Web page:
Periodically Walter-Simmons.com will feature a particular
composer whose music we think you will enjoy. There will be a
brief description, a sample of his work, and some links that will
help you pursue further information. You may also search our database
for my writings on the composer. If you have any questions or
comments, we’d love to hear from you.
Previous Featured Composers: Lee
Hoiby, Robert Muczynski, Arnold
Rosner, Daniel Catán,
Robert Kurka, Paul
Moravec, Samuel Zyman, and Carson Cooman
Currently we are featuring Joly Braga Santos, arguably Portugal’s greatest 20th-century composer. Braga Santos was born in Lisbon in 1924 and died there in 1988, at the age of 64. Although he did not enjoy a long life, he was a prolific composer, with three operas, six symphonies, and numerous concertos and other works to his credit. Although during his lifetime his music was not widely known outside Portugal, since his death all six of his symphonies—the first four of which were completed by the time he was 27—and many of his other works have been recorded, spreading his name and work internationally. Critical and listener response to these recordings has been little short of sensational. (See recordings on Amazon.)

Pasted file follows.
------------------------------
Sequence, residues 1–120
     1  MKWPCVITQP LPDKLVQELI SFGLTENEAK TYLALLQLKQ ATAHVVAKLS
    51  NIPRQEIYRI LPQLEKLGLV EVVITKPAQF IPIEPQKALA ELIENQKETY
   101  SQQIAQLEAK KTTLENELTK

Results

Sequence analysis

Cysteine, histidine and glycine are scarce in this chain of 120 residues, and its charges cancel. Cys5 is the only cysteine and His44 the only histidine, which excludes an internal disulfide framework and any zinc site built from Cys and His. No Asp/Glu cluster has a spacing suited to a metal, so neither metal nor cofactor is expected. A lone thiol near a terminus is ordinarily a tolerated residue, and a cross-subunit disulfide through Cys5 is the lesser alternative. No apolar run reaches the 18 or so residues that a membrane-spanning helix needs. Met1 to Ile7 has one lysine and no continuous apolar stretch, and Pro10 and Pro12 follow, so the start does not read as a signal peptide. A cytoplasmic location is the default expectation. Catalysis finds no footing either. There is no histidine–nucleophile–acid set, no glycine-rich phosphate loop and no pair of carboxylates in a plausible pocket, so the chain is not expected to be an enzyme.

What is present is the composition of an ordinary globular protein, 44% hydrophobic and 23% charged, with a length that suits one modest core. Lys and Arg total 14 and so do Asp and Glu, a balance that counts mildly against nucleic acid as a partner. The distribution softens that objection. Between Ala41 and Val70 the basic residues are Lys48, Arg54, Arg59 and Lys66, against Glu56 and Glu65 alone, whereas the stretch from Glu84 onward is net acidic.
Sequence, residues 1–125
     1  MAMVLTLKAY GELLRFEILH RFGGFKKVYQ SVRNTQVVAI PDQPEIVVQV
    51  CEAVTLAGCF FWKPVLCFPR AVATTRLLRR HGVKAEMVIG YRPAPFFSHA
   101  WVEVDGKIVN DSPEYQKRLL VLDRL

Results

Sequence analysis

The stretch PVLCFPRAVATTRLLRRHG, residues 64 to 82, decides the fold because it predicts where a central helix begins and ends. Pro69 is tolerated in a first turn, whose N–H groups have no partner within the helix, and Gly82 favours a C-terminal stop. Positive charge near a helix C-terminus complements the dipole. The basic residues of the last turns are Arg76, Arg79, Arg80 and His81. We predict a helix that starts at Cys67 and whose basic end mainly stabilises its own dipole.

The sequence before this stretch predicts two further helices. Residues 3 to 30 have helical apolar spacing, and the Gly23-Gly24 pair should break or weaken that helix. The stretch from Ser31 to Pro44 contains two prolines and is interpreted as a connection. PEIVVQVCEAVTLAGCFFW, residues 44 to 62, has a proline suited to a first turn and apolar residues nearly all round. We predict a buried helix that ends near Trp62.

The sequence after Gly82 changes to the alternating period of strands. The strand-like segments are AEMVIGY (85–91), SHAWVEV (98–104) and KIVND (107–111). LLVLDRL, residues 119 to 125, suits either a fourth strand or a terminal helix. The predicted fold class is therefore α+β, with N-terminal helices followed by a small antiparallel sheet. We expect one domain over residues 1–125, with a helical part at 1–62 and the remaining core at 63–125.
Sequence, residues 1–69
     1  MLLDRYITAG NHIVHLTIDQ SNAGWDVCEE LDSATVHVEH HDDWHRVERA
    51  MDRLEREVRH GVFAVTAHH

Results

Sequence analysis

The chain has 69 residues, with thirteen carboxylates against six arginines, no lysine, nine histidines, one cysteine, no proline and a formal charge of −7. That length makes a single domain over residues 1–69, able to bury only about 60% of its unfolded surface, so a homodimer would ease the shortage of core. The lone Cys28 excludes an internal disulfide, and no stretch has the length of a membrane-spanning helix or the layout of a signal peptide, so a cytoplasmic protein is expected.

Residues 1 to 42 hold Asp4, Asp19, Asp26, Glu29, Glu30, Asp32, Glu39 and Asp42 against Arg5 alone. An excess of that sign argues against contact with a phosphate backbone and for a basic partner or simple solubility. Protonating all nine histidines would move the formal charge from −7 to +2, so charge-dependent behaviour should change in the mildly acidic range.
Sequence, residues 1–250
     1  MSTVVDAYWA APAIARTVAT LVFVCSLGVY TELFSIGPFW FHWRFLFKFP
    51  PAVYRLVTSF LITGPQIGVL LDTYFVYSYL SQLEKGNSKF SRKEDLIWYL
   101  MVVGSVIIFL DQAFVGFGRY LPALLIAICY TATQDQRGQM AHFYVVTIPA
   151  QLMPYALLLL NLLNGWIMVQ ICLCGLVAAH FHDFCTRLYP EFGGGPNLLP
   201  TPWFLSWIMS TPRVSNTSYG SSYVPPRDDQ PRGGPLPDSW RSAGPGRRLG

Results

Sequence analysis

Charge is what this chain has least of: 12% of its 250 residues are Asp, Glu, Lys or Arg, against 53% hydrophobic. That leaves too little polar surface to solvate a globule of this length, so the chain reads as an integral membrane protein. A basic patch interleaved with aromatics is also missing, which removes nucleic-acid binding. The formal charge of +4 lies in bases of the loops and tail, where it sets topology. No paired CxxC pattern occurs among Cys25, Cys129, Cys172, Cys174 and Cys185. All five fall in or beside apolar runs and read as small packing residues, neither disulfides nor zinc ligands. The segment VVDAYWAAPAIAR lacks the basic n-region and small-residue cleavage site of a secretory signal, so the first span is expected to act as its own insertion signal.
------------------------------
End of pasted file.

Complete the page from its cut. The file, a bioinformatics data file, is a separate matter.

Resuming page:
The music of Braga Santos falls into two creative phases: the first, lasting until around 1960, the second beginning several years later, after a period of reflection during which he suspended creative activity. The music from the prolific first period is characterized by a distinctive, instantly recognizable melodic thrust—modal and largely diatonic within a consonant harmonic context. While these works may be criticized for an excess of fervor, their distinctive appeal is undeniable. Listeners who enjoy the tone poems of Respighi, the symphonies of Howard Hanson, or the filmscores of Miklós Rózsa are very likely to appreciate the early music of Braga Santos. The music of his second phase tends to be tighter, with a more severely Neo-Classical language. Though this later music may display more polish and sophistication, much of it lacks the remarkable flair and personality of the earlier music.